All of the USU forms listed above are available on the EHS website link on the USU Homepage as well as the schedule of all radiation safety training through the academic year at http://www.usuhs.edu/ehs/ . The USU Radiation Safety Guide, November 2005, Section IV, lists the requirements for Principal Investigators to qualify to be authorized radioisotope use at USU. The RSC has set additional requirements for attending PI specific training and a meeting with the RSC Chairman prior to approval of the REA application. POCs for REA applications are LTC John P. Cuellar, USU RSO, 295-3390, firstname.lastname@example.org or Mr. Michael Woolbert, USU ARSO, 295-1906, email@example.com
A: In general, neither appropriated funds nor extramural federal awards can be used to purchase food. Meals and refreshments are considered a personal expense for Federal employees who are not on travel status. Moreover, food and beverages (even if consumed by non-federal employees) are considered unallowable expenses for federal awards as defined in OMB Circular A-122, which specifies cost principals for funds administered by the Henry M. Jackson Foundation.
However, there are some specific circumstances in which food/beverage expenses may be paid for with federal funds. If you have food costs which are fundamental to the performance of the award-such as providing coffee for members of the public who take part in your research, or using alcohol in a research project, or consuming meals associated with a meeting or conference where the primary purpose is the dissemination of technical information -such costs may be allowable federal expenditures. In making a determination as to whether or not a food or beverage expense is allowable, the Foundation and University officials will be looking at whether the activity/expense is essential to the original proposal and who the food is for, as well as applicable OMB Circular guidelines and any specific sponsor requirements.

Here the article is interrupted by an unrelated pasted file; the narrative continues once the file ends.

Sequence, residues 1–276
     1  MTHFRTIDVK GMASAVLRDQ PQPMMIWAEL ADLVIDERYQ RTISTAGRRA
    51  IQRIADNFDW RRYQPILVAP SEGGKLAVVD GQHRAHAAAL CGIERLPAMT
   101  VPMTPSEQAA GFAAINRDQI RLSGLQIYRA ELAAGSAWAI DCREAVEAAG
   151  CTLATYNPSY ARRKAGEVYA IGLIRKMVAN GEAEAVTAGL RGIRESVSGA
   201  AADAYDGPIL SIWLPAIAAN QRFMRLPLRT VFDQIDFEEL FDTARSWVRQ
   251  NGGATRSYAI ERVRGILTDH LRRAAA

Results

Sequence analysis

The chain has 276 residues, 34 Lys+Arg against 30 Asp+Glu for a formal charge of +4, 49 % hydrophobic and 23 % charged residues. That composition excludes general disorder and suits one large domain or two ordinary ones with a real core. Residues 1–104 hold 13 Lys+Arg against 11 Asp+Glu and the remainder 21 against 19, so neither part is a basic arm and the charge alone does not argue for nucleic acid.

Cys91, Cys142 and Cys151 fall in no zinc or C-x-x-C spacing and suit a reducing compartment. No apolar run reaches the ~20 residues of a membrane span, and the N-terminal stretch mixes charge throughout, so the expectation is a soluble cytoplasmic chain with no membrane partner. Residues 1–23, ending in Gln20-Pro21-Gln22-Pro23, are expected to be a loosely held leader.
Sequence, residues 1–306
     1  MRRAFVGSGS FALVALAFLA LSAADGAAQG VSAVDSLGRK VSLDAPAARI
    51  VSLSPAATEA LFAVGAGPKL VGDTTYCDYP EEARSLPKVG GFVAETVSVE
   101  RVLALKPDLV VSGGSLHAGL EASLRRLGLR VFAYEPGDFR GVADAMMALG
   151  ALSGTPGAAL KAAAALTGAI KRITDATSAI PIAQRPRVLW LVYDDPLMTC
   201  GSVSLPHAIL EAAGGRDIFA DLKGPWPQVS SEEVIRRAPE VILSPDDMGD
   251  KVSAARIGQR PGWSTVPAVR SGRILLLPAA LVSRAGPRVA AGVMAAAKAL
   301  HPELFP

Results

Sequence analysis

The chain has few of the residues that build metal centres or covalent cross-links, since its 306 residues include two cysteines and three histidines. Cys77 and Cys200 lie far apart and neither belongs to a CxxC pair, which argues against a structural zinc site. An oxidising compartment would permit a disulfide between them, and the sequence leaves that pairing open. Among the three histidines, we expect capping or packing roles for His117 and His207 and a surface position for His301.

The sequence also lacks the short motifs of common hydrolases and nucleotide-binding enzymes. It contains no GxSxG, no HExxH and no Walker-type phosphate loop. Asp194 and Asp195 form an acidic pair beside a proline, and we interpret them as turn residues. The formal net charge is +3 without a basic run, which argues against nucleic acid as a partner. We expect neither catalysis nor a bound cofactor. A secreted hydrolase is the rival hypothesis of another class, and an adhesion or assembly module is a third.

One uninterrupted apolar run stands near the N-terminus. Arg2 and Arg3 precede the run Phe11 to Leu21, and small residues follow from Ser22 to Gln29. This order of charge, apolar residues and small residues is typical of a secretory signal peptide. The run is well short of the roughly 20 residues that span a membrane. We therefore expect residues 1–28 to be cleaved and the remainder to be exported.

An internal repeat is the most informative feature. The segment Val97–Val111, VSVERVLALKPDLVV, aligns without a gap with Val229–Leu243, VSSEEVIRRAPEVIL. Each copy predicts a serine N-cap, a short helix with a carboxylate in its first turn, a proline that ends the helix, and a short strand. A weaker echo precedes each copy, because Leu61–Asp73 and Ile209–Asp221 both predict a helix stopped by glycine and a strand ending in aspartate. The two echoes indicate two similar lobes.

In some specific situations, appropriated funds may be used to purchase food for events in which Federal employees are participating. Those limited circumstances are outlined in a Power Point presentation that can be found at: http://www.gao.gov/special.pubs/appforum2005/approfunds/index.html
If you are contemplating using federal funds for any food expense, you should consult both the USU Ethic?s Office as well as your HJF Grant Specialist for extramural awards (301.294.1276; firstname.lastname@example.org ).
A: Detailed rules concerning publication can be found in Instruction 5202.1 ("Clearance for Public Release of Information and Scientific Materials by USUHS Personnel").
As a general rule, "if the writing, editing, or electronic publishing is related to the employees official duties", then you must receive clearance before publication of your work. This clearance can be obtained by filling out USUHS Form 5230 (Manuscript Approval or Clearance form) and submitting it to the proper official. The form can be obtained within the 5202.1 instruction.
Many journals, publishers, etc. will ask that you sign over the copyright of your work to the specific publication. However, you should be aware that if the work was generated as an official part of your duties as a government employee there is no copyright to sign over and it is a violation of Federal law to claim a copyright that does not exist. The USU General Counsel's Office strongly suggests you execute an agreement similar to the one in the Government work section found on the release used by AMSUS.
Never sign a form that provides compensation for government produced work or that contains an indemnification clause. If you have questions about a specific agreement, the General Counsel's Office (295-3028) is available to answer your questions.
NOTE: Ordinarily Federal employees may not be reimbursed for monies spent on food, drinks, supplies, etc. Because of this rule, it is important to give sufficient time for the approvals required to take invited guests out for meals. You should also note that as a general rule, alcohol must be purchased separately and paid for by the participants.